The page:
Robotic Process Automation (RPA) is not a new concept but it has gained widespread traction in business in the last 3-4 years. As it has grown in popularity, the technology has become more sophisticated and the use cases for it are expanding.
In a systems integration context RPA tools are enabling automated integration with legacy systems that wasn’t previously possible, easy or feasible. As with any technology, however, there are some scenarios where RPA is not a good fit (nothing is ever a silver bullet, is it?) In this blog I’m going to detail some key points you should consider before using RPA as another tool in the “integration toolbox”.
How RPA Can Solve Integration Challenges
As highlighted in one of our previous blogs Solving Legacy System Integration Challenges with RPA most organizations have some legacy systems in their business that are difficult to integrate with. They might be mainframes without APIs or very limited web services, applications that aren’t easily extensible or customizable, or software that can’t have transactional integration with its persistence layer (RDBMS).
Human interaction is the one thing these systems all have in common and this is where RPA provides value. If a human can interact with a system, then so can RPA.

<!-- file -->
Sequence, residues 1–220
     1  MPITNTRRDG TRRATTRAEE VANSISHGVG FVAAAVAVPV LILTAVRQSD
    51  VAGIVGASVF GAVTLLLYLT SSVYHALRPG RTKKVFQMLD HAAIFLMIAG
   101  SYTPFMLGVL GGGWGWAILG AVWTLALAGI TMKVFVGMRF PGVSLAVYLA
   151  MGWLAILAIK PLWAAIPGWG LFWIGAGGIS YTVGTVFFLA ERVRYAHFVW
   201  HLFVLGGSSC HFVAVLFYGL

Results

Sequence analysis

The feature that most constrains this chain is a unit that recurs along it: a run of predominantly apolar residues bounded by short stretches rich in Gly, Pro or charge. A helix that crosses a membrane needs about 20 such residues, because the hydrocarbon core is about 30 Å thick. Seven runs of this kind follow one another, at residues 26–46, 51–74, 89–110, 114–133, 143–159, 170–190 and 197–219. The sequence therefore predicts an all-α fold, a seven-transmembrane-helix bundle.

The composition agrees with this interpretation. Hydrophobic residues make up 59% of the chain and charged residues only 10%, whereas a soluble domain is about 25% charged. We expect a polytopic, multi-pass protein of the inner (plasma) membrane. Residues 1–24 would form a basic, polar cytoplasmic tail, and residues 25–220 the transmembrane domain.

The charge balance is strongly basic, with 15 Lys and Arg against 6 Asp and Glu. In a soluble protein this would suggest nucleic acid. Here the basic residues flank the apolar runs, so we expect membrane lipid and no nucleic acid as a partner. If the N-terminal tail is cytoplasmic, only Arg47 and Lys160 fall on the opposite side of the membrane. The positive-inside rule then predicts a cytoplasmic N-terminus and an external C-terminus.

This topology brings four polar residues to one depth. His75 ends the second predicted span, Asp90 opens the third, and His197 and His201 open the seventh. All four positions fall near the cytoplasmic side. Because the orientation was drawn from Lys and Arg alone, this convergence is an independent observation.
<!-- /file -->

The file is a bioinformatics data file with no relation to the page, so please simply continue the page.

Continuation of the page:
Four Use Case Considerations
As with normal business process automation there are scenarios where RPA works well and others where it doesn’t fit, or the ROI does not justify the investment in the first place.
1) Scalability and Performance
RPA tools are typically very dependent on the application client (the web browser or installed client executables) which come with obvious drawbacks when compared to more native API based invocations For example, one host ‘machine’ might be able to do hundreds of concurrent Spring (Java) HTTP adapter invocations, but the same host ‘machine’ may only be capable of running one or two installed client applications to interact with a system through RPA. This makes its scalability orders of magnitude more expensive than ‘low friction’ API invocations. Starting up a window or other browser, navigating through menu items, clicking and entering values on forms, despite RPA being capable of executing these much faster than any human, is still much slower than other pre-programmed alternatives.
- It costs more to scale out. Given a fixed cost, RPA can, for example, execute in the order of thousands of transactions per day, instead of millions with alternative integration techniques.
- RPA transactions typically take seconds to minutes which is not suitable for real time use cases.
2) Ease of Implementation
At first glance RPA seems a relatively easier technology to implement. A less experienced user may build ‘happy path’ workflows without considering the handling of exceptions, reconciliation, verification of intended end state, catering for all types of a data entity (whether escalating to a human in certain scenarios or branch logic for each variation) or, establishing, implementing and evolving best practice patterns tailored to individual target consoles (and their concurrent system behaviours).
- Verify the hypothesis that it is better to implement RPA instead of alternative integration techniques.
- Is a baseline MVP (Minimum Viable Product) sufficient for most cases and will it provide an improved speed to value? What is the effort involved in catering for a specific data entity variation coverage and how much benefit can be gained with this coverage.